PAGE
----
Monday, June 14, 2010


Last week I did a guest spot on The Big Biz Show, a national and international radio and TV simulcast. CBS is the primary carrier. I had been asked to share topics I think will work for both big and small businesses. That has turned out to be very easy to do as I’ve discovered that literally all of the marketing distinctions I have created while working on the big brands, are just as applicable to small businesses.

This was my eighth appearance, and as a result of a positive reaction from their audience, I am now considered a regular. This is all very new to me and while I was very intimidated at first, I now find it exciting, a lot of fun and I truly look forward to the next broadcast. I confess, I have been very surprised to discover that I am well suited to it. Given my limited experience, I can only conclude that training for such a thing must be secondary to simply having some degree of innate ability to just do it. I feel very lucky.

At this point, the hosts introduce me and I am allowed to take the show in whatever direction I choose. They jump in and it seems to go in a direction of its own. My first appearance was characterized to me as one segment in length, about ten minutes. That appearance went so well they held me through two. Last week they found the subject so interesting it went for three segments. I was blown away. After the session, while on the way home, I realized that I had learned something very valuable for myself during that appearance. While my intention was to share that “selling propositions have a gender,” I discovered much more for myself. I will share it here with you.

I began the first segment by suggesting that it is useful to look at your product or service as if it were alive and had a personality. I did so because consumers literally encounter hundreds of them on a daily basis. These selling propositions are quickly evaluated and either cast aside or acted upon. That’s very personal and I am clear that when a stranger encounters your selling proposition, it is a personal experience on many levels.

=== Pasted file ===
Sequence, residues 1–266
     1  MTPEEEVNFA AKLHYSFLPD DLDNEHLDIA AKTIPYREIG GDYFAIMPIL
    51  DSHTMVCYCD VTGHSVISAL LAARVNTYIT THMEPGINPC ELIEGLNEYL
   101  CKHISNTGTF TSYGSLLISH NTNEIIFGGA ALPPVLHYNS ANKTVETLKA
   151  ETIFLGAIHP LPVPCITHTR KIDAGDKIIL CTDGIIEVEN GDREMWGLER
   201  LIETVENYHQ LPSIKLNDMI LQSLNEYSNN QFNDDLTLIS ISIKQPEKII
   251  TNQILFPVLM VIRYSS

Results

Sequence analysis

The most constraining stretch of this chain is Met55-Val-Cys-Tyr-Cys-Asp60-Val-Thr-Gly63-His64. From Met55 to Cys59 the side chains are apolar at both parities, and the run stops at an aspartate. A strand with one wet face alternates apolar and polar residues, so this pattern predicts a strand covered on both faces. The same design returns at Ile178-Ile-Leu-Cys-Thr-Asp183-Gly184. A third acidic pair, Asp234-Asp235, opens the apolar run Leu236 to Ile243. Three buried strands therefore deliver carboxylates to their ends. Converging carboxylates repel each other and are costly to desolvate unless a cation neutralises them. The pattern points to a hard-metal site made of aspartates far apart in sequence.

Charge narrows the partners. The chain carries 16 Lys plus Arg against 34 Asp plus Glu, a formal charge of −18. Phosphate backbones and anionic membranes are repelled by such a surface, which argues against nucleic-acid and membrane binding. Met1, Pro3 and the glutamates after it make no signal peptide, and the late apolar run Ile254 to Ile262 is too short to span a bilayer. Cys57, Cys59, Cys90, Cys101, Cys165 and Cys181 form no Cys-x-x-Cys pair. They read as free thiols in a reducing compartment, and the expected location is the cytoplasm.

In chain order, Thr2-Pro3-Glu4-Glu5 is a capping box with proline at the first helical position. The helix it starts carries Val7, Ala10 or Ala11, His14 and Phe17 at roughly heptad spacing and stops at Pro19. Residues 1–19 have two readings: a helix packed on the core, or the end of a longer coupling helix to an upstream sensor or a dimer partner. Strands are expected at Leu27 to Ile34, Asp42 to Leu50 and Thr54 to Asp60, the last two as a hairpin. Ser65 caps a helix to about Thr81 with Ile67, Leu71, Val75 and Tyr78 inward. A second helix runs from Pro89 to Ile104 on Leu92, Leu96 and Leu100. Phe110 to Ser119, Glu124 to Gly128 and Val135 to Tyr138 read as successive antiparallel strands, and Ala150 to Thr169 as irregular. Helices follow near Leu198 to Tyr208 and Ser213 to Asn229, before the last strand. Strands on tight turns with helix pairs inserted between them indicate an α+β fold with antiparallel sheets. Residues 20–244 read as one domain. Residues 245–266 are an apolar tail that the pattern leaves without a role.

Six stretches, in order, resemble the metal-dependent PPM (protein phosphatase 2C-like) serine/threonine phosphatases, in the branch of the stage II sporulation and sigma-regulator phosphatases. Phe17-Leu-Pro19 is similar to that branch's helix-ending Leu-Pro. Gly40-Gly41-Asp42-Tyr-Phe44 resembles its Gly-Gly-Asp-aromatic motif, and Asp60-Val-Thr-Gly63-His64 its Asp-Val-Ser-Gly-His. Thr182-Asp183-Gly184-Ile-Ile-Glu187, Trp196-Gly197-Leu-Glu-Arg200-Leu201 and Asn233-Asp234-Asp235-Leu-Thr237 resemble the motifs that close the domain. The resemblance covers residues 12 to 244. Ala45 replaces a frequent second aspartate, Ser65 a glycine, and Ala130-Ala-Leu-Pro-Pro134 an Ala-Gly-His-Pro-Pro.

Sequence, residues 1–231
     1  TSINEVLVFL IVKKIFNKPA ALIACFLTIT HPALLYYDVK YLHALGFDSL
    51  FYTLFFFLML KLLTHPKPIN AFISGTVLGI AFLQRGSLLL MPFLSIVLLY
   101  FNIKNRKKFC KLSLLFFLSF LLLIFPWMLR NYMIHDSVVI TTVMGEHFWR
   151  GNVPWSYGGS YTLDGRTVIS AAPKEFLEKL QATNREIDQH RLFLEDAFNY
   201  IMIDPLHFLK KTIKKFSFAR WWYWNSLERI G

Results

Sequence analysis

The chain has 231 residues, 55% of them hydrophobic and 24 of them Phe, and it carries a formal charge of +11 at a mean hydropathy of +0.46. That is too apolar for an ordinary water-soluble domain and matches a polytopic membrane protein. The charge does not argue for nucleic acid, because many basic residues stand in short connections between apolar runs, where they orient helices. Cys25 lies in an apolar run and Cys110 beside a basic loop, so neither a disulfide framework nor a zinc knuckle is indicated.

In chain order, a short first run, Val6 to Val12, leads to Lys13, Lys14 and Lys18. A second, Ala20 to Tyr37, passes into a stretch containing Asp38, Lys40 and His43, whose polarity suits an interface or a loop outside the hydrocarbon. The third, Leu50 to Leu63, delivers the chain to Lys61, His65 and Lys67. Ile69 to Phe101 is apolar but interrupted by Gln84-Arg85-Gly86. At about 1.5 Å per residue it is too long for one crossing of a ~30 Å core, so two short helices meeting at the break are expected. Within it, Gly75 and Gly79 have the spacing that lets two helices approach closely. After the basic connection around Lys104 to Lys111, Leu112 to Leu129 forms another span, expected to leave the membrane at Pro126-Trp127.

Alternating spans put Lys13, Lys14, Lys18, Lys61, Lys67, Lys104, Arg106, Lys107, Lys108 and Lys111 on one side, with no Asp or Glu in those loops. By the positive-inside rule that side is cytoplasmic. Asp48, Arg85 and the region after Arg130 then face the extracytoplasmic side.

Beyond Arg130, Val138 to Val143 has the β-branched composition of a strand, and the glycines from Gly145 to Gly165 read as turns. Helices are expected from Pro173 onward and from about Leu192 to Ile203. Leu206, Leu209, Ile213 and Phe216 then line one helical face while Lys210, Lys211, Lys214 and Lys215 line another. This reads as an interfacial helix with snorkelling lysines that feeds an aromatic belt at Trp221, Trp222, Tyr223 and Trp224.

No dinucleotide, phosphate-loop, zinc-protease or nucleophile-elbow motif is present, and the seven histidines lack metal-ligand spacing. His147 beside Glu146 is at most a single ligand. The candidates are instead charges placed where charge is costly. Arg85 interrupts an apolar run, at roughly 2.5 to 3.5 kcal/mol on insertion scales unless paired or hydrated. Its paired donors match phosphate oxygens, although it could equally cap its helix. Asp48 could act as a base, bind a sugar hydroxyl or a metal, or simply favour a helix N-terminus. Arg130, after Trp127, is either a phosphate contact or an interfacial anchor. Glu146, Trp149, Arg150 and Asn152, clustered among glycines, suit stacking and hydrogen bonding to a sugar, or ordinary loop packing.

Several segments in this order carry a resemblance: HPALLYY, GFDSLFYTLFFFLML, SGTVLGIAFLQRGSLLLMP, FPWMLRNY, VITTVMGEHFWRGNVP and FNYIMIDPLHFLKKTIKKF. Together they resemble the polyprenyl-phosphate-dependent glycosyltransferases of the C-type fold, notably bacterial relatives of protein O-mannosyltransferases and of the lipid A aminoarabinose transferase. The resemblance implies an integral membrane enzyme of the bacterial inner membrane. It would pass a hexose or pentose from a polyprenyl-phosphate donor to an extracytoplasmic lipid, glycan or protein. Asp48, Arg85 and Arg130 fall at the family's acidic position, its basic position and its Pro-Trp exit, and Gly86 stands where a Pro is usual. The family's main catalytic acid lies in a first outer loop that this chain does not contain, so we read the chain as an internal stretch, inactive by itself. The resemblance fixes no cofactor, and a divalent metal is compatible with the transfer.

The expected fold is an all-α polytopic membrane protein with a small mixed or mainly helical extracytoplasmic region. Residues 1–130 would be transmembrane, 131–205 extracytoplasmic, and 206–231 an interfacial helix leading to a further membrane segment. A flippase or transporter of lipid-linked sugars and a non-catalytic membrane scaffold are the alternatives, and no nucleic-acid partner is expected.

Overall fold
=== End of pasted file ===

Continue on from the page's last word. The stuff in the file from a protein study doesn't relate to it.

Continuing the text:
To begin with, I recommend you consider that your selling proposition is a one-way conversation with your target consumer. Right off, you better say something about them or they will think all you care about is yourself. The best thing you can possibly say about them is how they will benefit by using your product or service. Men’s Warehouse, “You’re going to like the way you look, I guarantee it. " Enough said there.

Our lives are very gender-centric and so are our products and services. Women respond to our selling propositions differently than men. Women are very comfortable with their sexuality while we men are less so. Given that, I recommend you make sure your selling proposition is somewhat more masculine than feminine if you want to be safe. Notice the Trojan package and how masculine it is. It is a fact that approximately 35% of all condoms are purchased by females…apparently comfortable with its gender.

I find it fitting that years ago I chose the word character to define what I say you should add to appropriate elements of your selling proposition, to make them appear remarkable to your target consumers. My definition of character is anything structural, graphic or words that cause the target consumer to develop relatedness to your product or service. Check out the abundance of character in the Go-Gurt package and imagine how remarkable it was when introduced years ago.

All marketers want their target consumers to be loyal and continue to purchase on a regular basis. Loyalty is of course a very human trait as is character. What I can share with you here is that there is a very direct relationship between character and loyalty. You show me a selling proposition with lots of character and I will bet that product will have lots of consumer loyalty.

I could continue talking about many more human characteristics but I am committed to a short blogging. The learning here is to remember to stay present to the idea that your selling proposition is human and in a one-way conversation with your target consumer. I promise, that mindset will be more a part of my own marketing context as I move forward. I’d love to know if it is part of yours.


Keith Chambers

Keynote Marketing Speaker
Creative Marketing Consultant
(310) 473-0010

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